MGT567 Being a Creative Group


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  • Charles Batcheldor was an English machinist. John Kruesi was a Swiss clockmaker. Ludwig Boehm was a German glassblower. Francis Upton was a Princeton-trained mathematician.They were drawn to the then-isolated New Jersey hamlet of Menlo Park by the magnetic force of Thomas Edison's genius. But it was Edison's unique ability to tap into their skills that turned his half-formed visions into an astonishing stream of workable products. "He was never the lone inventor," says Bill Pretzer, a curator of the Edison collection at the Henry Ford Museum."Edison himself flits about, first to one bench, then to another, examining here, instructing there," wrote the New York Herald. A sketch handed to Kruesi unexpectedly yielded the phonograph. The work was "strenuous but joyous," one lab hand wrote. The boss got as dirty as his workmen. And there was the day when the team rode Edison's miniature locomotive to a nearby fishing hole."The strangest thing to me is the $12 that I get each Saturday," Upton wrote his father, "for my labor does not seem like work but like study."It was Upton who bought the instruments that led to a breakthrough insight on electric lighting. It was Batcheldor's nimble hands that threaded a carbon filament into a bulb that Boehm evacuated to a millionth of an atmosphere. And on Oct. 22, 1879, when the bulb finished a 14-hour burn, the darkness filled with the cheers of five men and four nationalities. -- Jerry Useem
  • The place became such a legend, they trademarked the name - and even a skunk. Founded in 1943, Lockheed's Skunk Works built a series of remarkable aircraft, including the F-104 Starfighter and the U-2 and SR-71 spy planes. In the process, it created an icon that many a company has attempted to imitate.How did Lockheed do it? A tyrant as well as a huge talent, aeronautical genius Kelly Johnson insisted on working with a bare-bones staff who were devoted to the work. He put the designers right next to the metalworkers so they didn't draft anything unbuildable. And he kept the number of visitors, even from the CIA and the Air Force, to a minimum. Left alone, the Skunks Works team pushed aeronautics forward at warp speed. -- Stuart F. Brown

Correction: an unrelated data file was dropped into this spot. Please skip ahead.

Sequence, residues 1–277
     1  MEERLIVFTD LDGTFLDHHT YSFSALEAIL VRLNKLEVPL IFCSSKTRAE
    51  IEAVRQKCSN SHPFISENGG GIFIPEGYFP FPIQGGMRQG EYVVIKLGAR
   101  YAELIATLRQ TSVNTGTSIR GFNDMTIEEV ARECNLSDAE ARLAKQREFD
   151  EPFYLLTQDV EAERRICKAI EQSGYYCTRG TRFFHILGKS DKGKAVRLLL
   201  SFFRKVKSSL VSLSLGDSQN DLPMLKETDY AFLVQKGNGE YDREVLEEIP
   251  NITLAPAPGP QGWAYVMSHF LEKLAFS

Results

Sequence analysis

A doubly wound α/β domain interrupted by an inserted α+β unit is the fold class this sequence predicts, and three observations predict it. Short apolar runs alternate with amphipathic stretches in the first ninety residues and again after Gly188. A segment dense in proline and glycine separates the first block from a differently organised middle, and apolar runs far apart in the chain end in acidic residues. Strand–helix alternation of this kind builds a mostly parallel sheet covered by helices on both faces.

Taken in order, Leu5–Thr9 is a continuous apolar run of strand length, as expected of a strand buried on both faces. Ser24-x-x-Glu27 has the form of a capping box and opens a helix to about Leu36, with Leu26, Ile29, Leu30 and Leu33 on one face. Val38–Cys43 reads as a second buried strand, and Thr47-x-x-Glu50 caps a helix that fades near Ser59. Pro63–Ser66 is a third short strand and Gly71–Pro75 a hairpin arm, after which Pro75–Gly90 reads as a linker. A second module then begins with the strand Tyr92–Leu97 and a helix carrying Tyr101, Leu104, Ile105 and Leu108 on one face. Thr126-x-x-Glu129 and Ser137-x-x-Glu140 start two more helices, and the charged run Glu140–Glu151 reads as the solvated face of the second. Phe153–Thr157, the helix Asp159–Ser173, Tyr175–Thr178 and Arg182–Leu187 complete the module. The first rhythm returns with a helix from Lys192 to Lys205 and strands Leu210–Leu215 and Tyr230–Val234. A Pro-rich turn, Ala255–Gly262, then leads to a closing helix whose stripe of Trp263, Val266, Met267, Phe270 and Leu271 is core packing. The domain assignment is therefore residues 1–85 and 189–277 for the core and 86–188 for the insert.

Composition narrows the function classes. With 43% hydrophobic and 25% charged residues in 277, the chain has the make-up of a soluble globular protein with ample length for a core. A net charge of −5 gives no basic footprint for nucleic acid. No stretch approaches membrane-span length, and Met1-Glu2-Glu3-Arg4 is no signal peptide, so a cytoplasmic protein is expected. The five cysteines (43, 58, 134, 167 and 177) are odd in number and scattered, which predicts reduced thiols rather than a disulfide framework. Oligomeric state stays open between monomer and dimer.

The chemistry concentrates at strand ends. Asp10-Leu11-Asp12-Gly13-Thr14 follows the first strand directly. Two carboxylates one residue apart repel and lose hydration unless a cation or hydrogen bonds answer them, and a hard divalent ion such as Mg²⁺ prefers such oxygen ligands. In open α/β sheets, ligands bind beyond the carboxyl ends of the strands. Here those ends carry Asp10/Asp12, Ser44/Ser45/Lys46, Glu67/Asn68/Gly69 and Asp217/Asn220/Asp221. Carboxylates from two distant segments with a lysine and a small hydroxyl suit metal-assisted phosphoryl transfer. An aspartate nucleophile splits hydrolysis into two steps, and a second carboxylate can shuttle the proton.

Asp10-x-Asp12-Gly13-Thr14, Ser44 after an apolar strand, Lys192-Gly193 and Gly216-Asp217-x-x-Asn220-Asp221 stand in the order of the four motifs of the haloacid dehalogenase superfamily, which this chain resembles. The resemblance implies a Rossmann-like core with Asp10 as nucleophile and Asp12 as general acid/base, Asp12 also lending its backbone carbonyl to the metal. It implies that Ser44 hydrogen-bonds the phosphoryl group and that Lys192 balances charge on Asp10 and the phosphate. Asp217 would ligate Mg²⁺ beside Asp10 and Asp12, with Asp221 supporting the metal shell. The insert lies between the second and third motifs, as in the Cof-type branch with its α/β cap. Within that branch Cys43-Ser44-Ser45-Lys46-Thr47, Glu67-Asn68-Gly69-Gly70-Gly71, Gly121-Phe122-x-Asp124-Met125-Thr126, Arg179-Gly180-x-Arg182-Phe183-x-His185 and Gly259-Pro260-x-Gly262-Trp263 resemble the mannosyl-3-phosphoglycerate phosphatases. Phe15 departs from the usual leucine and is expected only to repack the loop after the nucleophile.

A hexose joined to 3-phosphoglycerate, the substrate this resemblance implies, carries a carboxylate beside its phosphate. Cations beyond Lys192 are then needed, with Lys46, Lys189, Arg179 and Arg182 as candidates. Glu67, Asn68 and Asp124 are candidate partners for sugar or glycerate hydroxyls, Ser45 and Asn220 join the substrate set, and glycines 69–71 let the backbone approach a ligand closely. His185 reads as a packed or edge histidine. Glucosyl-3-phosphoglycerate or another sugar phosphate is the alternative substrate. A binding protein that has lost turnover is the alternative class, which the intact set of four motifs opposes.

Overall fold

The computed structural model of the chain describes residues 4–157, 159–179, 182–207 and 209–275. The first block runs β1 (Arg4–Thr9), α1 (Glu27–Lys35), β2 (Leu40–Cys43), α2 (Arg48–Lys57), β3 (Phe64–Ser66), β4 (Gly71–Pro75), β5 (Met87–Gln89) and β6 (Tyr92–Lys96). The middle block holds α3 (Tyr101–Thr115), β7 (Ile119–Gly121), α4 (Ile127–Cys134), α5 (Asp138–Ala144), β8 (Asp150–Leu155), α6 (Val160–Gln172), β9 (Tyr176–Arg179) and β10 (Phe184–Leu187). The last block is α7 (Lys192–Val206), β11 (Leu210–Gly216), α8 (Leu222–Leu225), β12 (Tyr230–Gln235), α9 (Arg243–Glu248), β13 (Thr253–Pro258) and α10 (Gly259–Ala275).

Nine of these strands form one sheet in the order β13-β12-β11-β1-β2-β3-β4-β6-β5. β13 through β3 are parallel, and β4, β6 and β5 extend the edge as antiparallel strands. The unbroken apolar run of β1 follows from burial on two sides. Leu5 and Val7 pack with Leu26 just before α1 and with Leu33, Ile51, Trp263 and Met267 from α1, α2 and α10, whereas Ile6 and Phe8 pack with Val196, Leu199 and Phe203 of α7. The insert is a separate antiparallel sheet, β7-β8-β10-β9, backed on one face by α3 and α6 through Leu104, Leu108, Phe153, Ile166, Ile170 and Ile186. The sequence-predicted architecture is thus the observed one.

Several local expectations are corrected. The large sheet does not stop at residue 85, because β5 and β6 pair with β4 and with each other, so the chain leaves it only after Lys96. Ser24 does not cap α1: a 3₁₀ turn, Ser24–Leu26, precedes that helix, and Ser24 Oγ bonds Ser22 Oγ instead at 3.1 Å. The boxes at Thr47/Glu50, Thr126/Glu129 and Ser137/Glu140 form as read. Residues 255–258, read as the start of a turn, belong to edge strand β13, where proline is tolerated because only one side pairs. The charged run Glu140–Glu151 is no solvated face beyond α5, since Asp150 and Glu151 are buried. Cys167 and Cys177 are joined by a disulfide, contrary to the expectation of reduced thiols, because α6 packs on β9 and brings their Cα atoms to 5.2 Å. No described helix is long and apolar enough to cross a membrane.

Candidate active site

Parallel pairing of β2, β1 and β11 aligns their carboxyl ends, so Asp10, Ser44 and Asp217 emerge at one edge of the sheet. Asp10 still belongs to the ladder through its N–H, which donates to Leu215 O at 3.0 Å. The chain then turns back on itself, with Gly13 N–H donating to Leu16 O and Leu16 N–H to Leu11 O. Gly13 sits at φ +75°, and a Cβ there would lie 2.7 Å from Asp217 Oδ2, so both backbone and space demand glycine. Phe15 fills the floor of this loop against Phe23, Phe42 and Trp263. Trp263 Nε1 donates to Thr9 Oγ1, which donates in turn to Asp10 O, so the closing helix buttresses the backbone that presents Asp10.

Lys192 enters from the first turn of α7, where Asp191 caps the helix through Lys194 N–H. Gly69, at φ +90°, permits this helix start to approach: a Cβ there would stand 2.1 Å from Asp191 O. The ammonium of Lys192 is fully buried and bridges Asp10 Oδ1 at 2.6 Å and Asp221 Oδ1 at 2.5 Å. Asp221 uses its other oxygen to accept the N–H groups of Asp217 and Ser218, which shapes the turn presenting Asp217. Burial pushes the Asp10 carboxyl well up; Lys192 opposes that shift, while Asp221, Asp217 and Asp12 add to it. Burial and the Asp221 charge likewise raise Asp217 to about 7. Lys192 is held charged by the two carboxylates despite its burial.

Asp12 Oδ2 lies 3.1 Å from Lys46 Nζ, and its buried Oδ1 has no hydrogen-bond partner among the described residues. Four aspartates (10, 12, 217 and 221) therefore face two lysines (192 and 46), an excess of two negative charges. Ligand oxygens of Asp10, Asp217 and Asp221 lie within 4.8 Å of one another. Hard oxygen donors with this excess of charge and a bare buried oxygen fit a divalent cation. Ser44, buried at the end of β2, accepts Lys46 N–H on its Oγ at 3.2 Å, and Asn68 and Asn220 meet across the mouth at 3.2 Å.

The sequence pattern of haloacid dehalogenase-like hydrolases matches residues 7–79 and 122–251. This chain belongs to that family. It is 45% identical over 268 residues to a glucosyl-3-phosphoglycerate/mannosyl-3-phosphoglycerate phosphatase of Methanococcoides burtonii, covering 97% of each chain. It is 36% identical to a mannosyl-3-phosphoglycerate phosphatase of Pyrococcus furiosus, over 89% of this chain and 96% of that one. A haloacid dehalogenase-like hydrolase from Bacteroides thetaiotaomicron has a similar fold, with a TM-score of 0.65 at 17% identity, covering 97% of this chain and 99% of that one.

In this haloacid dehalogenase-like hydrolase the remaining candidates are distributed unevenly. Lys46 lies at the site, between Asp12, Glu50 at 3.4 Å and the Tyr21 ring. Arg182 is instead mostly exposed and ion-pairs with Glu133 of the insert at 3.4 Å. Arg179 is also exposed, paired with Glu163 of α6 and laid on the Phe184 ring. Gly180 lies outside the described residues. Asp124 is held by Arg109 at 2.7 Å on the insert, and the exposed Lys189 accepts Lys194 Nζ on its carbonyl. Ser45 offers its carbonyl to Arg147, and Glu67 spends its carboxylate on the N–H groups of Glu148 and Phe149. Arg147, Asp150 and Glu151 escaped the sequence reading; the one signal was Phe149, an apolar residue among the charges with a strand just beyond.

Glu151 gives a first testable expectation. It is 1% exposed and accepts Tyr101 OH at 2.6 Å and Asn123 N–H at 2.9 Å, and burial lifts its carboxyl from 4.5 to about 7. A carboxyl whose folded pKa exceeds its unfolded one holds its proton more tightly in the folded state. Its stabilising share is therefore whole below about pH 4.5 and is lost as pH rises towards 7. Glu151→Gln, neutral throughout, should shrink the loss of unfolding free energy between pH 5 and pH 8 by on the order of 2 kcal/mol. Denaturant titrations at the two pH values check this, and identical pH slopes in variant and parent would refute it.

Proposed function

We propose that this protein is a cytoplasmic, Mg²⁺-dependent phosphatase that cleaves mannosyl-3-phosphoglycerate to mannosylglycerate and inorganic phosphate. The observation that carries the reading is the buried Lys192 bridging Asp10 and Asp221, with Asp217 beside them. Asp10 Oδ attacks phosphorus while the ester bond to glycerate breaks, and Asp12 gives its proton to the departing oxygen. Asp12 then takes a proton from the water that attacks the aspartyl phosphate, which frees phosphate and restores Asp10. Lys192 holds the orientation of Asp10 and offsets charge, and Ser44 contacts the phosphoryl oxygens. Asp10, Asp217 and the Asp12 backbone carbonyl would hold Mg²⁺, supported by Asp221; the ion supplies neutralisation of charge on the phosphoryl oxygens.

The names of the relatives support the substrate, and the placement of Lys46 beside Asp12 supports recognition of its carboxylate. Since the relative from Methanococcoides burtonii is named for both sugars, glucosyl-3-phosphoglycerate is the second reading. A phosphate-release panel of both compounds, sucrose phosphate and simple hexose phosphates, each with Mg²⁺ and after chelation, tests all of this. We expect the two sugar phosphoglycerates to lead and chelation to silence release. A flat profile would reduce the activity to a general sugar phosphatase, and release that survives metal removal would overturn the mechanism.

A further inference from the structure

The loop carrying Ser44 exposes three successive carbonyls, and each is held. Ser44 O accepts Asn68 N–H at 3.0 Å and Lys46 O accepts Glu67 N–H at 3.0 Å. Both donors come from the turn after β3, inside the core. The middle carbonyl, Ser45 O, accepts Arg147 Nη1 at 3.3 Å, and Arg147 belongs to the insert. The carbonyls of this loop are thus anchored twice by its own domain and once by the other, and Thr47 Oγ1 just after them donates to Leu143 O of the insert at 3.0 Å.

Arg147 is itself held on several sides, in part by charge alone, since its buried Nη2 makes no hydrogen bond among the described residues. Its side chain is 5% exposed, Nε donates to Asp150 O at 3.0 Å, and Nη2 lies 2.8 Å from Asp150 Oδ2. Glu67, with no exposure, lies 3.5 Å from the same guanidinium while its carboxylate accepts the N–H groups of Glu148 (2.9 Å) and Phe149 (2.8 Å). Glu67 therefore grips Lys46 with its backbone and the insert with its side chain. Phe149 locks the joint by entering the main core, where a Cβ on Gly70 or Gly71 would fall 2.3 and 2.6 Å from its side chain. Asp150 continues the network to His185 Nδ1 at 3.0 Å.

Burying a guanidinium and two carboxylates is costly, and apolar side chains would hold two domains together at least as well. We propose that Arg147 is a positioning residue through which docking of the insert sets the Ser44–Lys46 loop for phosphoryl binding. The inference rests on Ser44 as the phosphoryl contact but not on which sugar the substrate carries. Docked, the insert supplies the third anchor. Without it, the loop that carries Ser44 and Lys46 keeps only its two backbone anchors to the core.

• MGT567 Being a Creative Group

    1. 1. Module 3David A. JarvisSalve Regina UniversityMGT567 Creative Problem SolvingOctober 6-7, 20-21 2012
    2. 2.  The myth of the “lone genius” Individuals tends to get caught up with their ideas – and can’t adapt Teams can provide greater momentum Teams can focus on multiple projects concurrently
    3. 3. What do they all share in common?
    4. 4. 1. Foster creative friction2. Protect against groupthink3. Provide more opportunitySOURCE: Managing Creativity and Innovation, HBR
    5. 5. beginner’s mind experience freedom discipline play professionalism improvisation planningSOURCE: Managing Creativity and Innovation, HBR
    6. 6. • Improves the number of ideas Functional • Could create information overload diversity • May create difficulties solving problems • Foster candid debate Social • Sense of belonging to the team – cohesion “superordinate identity” • Needed to encourage and support theManagement processinvolvement • Provide organizational resources • Monitoring increasing motivation SOURCE: How to Kill a Team’s Creativity, HBR
    7. 7.  Should have a clear goal A strong purpose, personality and passion Need a serious deadline Dedicated to achieving an end result Empowered to connect Irreverent and nonhierarchical Well rounded and respectful of diversity“Groups shouldn’t be the result of inertia”SOURCE: The Art of Innovation
    8. 8.  Intellectual perspectives that complement – but don’t duplicate A balance of expertise and personal characteristics People who can work across functional boundaries Look for skills that the team lacks Explore non-traditional hiring channels Add a customer or outside professional to the group SOURCE: Managing Creativity and Innovation, HBR